After a couple of days of sulking in my fruitlessness, I found a raspberry bush in a lower garden that I have neglected; it holds a few red berries. I planted this bush years ago, and honestly forgot about it; my energy focused on the berry bushes growing in my Farm.
Better than any argument is to rise at dawn and pick dew-wet red berries in a cup. Wendell Berry
It caused me to reflect…do we have gifts or talents that we neglect, focusing our energy elsewhere, only to find the thing we neglected bearing fruit? There are things the Lord wants to see you bear fruit in, but you have forgotten to care for it. This is true for me. Use these dry times to cultivate your gifts and talents; be mindful of what you are neglecting. We must not leave our gifts and talents buried in the sand; driven by fear and afraid of risk. The reason I neglected this raspberry bush is that it is not organic. I bought it years ago before I began growing organic food. This bush I thought not worthy of my attention because it is not packaged the way I want it to be. That is how we miss God…when we don’t like the package or don’t recognize His workings when they manifest. The Pharisees made the same grave error. They knew the Hebrew Scriptures better than anyone. The very One those pages spoke of, they did not recognize when He walked the planet and knocked on their doors. Jesus did not appear how they envisioned, so He was despised and rejected (see Is. 53:3).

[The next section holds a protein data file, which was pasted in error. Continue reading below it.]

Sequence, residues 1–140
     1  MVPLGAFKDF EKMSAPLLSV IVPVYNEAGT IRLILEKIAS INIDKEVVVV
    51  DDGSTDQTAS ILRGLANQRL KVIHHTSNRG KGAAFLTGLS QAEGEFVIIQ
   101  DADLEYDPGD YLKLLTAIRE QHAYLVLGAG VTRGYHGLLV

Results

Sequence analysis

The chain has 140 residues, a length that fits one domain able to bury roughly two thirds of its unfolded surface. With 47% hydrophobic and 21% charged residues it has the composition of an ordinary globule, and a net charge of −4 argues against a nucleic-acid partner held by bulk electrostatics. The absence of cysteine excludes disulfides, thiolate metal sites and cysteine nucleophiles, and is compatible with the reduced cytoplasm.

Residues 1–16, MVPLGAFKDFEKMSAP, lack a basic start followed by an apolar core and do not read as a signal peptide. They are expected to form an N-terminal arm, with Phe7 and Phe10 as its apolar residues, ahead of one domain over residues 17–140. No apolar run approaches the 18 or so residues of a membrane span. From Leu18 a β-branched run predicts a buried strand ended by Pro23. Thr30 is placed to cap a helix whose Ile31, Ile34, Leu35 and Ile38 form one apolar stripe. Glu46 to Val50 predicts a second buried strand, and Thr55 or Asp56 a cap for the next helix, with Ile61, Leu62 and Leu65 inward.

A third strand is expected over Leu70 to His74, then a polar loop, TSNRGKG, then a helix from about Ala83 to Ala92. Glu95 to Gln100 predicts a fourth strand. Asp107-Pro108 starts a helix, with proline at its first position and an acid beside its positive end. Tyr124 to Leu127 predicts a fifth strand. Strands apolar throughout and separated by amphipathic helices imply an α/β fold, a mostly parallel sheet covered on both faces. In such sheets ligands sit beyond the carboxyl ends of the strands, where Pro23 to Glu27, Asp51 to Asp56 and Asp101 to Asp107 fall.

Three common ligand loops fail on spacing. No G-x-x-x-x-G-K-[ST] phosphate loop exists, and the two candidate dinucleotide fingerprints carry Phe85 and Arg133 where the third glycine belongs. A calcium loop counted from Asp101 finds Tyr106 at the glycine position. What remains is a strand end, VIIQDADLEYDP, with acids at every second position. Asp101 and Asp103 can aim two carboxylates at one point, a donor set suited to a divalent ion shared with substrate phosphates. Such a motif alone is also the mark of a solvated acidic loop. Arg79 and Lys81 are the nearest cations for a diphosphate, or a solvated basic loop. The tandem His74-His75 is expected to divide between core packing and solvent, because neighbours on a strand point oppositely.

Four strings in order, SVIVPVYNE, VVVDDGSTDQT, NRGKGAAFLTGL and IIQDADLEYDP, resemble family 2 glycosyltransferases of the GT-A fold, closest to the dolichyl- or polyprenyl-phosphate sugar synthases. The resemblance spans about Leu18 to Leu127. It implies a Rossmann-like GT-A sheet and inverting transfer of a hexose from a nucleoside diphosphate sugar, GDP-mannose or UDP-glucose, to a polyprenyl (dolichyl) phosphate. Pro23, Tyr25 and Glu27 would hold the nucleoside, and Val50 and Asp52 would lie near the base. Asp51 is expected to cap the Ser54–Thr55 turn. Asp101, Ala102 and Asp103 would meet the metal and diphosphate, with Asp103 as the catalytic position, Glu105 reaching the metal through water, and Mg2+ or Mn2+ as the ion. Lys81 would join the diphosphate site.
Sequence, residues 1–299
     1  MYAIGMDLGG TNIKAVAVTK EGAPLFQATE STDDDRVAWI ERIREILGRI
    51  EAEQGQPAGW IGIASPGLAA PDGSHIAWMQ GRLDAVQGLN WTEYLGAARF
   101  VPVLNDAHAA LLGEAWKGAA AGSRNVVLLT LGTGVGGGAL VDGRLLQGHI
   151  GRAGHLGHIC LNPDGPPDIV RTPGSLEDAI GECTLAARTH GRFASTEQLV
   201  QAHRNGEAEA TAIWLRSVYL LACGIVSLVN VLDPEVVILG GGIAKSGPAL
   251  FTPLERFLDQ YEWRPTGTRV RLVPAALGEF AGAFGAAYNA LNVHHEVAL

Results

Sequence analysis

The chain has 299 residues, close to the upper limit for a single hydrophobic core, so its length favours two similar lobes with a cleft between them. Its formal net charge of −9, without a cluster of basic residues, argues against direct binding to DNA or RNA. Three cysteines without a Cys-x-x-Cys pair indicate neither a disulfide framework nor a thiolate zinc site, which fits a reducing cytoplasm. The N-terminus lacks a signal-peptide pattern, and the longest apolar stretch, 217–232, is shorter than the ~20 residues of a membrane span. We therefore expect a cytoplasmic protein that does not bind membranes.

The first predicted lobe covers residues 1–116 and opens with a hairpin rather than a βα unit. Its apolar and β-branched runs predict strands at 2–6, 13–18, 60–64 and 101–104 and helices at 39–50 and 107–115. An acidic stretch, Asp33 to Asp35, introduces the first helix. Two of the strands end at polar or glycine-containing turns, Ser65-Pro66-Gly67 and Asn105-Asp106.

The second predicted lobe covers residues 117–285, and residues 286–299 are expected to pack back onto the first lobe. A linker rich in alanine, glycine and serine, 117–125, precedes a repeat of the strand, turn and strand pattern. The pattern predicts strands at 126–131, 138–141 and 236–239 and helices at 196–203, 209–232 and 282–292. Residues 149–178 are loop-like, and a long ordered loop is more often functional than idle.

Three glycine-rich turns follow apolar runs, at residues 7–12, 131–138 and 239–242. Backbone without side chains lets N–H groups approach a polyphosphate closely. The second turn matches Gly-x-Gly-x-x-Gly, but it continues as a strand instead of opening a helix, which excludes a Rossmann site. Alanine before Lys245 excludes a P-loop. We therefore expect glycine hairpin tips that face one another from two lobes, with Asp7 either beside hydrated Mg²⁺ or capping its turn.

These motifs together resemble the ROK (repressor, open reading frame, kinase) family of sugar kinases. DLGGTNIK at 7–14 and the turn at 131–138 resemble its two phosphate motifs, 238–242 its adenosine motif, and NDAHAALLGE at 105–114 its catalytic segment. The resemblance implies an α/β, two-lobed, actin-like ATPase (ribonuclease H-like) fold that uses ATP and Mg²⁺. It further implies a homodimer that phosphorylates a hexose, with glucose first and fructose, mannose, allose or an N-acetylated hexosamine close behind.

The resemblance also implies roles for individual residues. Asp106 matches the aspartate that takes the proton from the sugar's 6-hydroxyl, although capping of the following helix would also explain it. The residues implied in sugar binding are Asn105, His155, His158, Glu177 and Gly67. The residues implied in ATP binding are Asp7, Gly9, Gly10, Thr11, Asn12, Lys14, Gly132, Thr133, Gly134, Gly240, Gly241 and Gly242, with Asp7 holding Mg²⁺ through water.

Though it seems dark now, God always reminds us of His faithfulness. As I walked through the Farm a few days later, I began to see signs of life…
A few cucumbers…
And a bloom on my bluebonnets…
I have wasted too much time being disappointed; instead I should practice cultivating a grateful heart. My Farm brings me joy and happiness and it contains much to be thankful for. Thanking God in the midst of the crush is vital to our relationship with Him. I am thankful for the beauty of the pumpkin’s orange flowers—a promise of fruit. I am thankful for all the flowers that hold the promise of fruit, and the large green branches that are being conditioned to bear the coming harvest. The harvest may seem late by my perception, but God’s ways are not our ways (Is. 55:8-9). Part of cultivating a grateful heart is finding joy in the everyday mundane chronos. My small humble container Farm brings me joy and I thank Him for the coming harvest. God's beauty and His goodness is all around me. Be thankful...
Be joyful because it is humanly possible. Wendell Berry
When death seems imminent…God always brings life. He cares enough about me to cause my bluebonnets to bloom, to nudge me toward the mark and to remember that He is faithful that promised (see Heb. 10:23). The promise those flowers represent is still alive, though it seems unfruitful right now, God gently reminds me not to let go, and that He is getting ready to do something really amazing.
Johann Wolfgang von Goethe
Though the fig tree does not bud and there are no grapes on the vines, though the olive crop fails and the fields produce no food, though there are no sheep in the pen and no cattle in the stalls, yet I will rejoice in the Lord, I will be joyful in God my Savior. The Sovereign Lord is my strength; he makes my feet like the feet of a deer, he enables me to tread on the heights. For the director of music. On my stringed instruments. Habakkuk 3:17-19
Don't forget to check out my book, A Life That Sings: Finding Your Song In The Midst of Brokenness